Bathe a sprain in as hot water as you can bear, to which has been added a small quantity of vinegar and salt. Slight sprains (as of finger) may be painted with iodine.
The first symptom is a headache followed by a heavy feeling in the pit of the stomach, dimmed eyesight, difficulty in breathing, and a fever. If insensibility follows, lay the person on his back in a cool, shady place, with his head slightly raised. Loosen his clothing, keep his head cold with wet cloths, and pour cold water on his face and chest, until the temperature of his body is lowered and the face becomes pale.
Get used to sun gradually. Use powdered boric acid or ointment. Cocoa butter is also a good preventive.
Gargle the throat with warm water and some salt added, and then bind a woolen sock around it. Keep the sock on until the soreness is gone. Put teaspoonful of chlorate of potash in a cup of water and gargle. Diluted alkalol [sic] is also good for a gargle, or tincture of iron diluted. Fat bacon or pork may be tied around the neck with a dry sock. Swab the throat.
Caused by undigested food in the intestines. Put the boy on a diet, also give him plenty of warm water to drink, or a cup of hot ginger tea.
Heat will always help to soothe the sufferer. A seeded raisin, toasted before the fire, makes a useful poultice for an aching tooth, pressed into the hollow. A bag of hot salt, pressed on the face, relieves pain.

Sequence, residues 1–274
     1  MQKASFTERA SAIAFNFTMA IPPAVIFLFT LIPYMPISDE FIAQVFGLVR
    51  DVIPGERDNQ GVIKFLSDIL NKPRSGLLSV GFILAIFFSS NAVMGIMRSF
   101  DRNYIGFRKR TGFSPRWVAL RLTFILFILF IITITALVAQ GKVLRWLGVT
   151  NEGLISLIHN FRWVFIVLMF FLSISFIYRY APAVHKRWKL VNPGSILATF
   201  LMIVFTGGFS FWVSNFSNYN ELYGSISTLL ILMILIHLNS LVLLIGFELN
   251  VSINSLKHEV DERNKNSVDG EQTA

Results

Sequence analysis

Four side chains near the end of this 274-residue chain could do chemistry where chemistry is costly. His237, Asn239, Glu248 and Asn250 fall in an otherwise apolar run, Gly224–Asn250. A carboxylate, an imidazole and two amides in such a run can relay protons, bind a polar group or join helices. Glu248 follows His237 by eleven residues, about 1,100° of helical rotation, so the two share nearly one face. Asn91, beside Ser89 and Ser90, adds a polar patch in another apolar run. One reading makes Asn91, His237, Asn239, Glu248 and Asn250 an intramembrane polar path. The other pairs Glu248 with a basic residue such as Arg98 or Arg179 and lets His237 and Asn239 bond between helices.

[Illustration: Drill in First Aid]
CHAPTER XV—FIRST AID TO THE INJURED
First aid should teach every boy how to render temporary assistance by improvised means for the relief of the injured one, and the methods by which he can be removed to a place of safety. With this in view, the information given in this chapter incorporates what every camper should know. Before going to camp, boys should be taught the use of the Triangular Bandage. This bandage is used by the United States Government, and is well suited for an emergency bandage. It can be easily made from a handkerchief or a piece of linen. The American Red Cross First Aid Outfit contains a triangular bandage, with methods of application printed thereon. The gauze or roller bandage is more difficult to handle. This, however, is the bandage to control bleeding, etc. Any reliable book on First Aid gives information as to its manipulation.
A dislocation of the finger or toe can generally be reduced by pulling strongly and at the same time pressing where the dislocation is. If the hip, shoulder, or elbow is dislocated, do not meddle with the joint, but make the boy as comfortable as possible by surrounding the joint with flannel cloths wrung out in hot water; support with soft pads, and send for a doctor at once. If the spine is dislocated, lay the boy on his back. Never put him on his side or face, it may be fatal. If he is cold, apply hot blankets to his body, hot water bottle or hot salt bag to the seat of pain.